The pilsner I ordered was properly crisp, clean-tasting and quite flavorful with a light, Germanic hop aroma. It tasted better than the Munich pilsners that I remembered from there (I like the broadly similar Helles, style more in Munich; the Czechs do those delicately perfumed and nuanced pilsners much better in my opinion). The pilsner was excellent, and perfect after traipsing around the Quarter for the previous hour. After finishing the half-liter pour – the only size they serve it seems – I had their version of the Vienna-style lager, the Red Stallion. Medium-bodied with its copper color denoting a good malt presence, lightly hopped, it was a very pleasant pint-plus. I didn’t enjoy it as much as the pilsner, but still a nice beer that was obviously very well made. All of the beers are made in house utilizing the large, attractive copper vessel set behind the bar and according to the Reinheitsgebot, the German purity law of 1516. Only malt, hops, yeast and water are used in the beers, helping ensure some level of clarity of flavors.
In addition to the Pilsner and Red Stallion, the Crescent City Brewhouse always has a Weiss, a Bavarian-style hefe-weizen, and the Black Forest on tap, plus a seasonal beer in a range of styles. I tasted my brother’s Weiss. With prominent aromas of banana, it did not taste like one of the sweeter hefe-weizens that I expected, but was a bit drier and more balanced and an excellent version of the style and perfect for those many warm and humid months in New Orleans. I didn’t sample the Black Forest, which is described as a beer that’s “rich…malty…sparsely hopped, in the traditional Munich style” which sounds a lot like the Dunkel style that’s a feature of all of the Munich breweries.
I find it amazing that a brewpub in the French Quarter, just a couple of blocks from Jackson Square, serves such top-quality beer. The beers are a good deal better than they need to be. As people seem to especially enjoy beers made on site, brewpubs can usually get by with mediocre or even awful beers, the buzz of the pub, and the alcoholic beers, helps to obscure the handiwork of less-than-skilled brewmasters. And, that the Crescent City Brewhouse is doing it with lagers is even more impressive, as lagers, especially lighter-bodied and light-colored are very difficult to brew well on a consistent basis. There are not too many small breweries in this country that are doing it well. Few, are doing it as well as is done in the French Quarter.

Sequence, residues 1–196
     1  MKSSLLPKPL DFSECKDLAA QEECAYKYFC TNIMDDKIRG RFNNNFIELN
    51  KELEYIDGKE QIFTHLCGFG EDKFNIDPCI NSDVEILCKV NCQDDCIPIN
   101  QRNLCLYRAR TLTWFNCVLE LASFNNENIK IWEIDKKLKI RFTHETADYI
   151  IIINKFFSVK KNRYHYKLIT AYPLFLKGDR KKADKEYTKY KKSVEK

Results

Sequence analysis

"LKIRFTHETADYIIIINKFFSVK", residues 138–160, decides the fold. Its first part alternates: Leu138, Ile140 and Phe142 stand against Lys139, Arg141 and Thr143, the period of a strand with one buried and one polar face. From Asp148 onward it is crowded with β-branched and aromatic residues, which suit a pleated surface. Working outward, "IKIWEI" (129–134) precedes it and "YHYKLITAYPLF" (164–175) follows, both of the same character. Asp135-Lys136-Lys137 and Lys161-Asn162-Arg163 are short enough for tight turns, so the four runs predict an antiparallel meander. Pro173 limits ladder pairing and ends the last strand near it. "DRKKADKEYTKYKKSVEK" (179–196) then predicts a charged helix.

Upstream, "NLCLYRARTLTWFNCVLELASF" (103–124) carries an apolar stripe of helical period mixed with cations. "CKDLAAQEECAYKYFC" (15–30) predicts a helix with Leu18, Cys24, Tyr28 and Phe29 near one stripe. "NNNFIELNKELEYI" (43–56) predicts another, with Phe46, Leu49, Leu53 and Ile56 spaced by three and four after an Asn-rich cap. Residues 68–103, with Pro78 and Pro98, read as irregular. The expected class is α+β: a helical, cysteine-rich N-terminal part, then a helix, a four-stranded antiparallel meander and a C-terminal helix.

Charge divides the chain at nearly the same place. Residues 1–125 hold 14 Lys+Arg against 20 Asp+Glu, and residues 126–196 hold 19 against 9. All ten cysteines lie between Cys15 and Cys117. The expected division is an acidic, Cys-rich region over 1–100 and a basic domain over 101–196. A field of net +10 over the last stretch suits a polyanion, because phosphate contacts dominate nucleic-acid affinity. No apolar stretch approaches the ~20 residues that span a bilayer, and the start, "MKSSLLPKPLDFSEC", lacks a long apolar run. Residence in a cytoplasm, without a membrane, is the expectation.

The Crescent City Brewhouse is definitely worth a detour for fans of Bavarian-style lagers. Easy to drop in and out, there is often a jazz band playing near the entrance and bar. The quartet featuring an alto sax, bass, drums and, somewhat oddly, an electric guitar, was first-rate last weekend with a fresh, if mid-century sound well removed from Dixieland. If you don’t have time to sit for pint, you can always get a cup to go dispensed at a counter facing the sidewalk. And, you’ll likely be drinking something better – certainly more pure – than those other tourists with their plastic cups.
Crescent City Brewhouse
527 Decatur Street (two blocks southwest of Jackson Square in the French Quarter)
New Orleans, Louisiana 70130, (504) 522-0571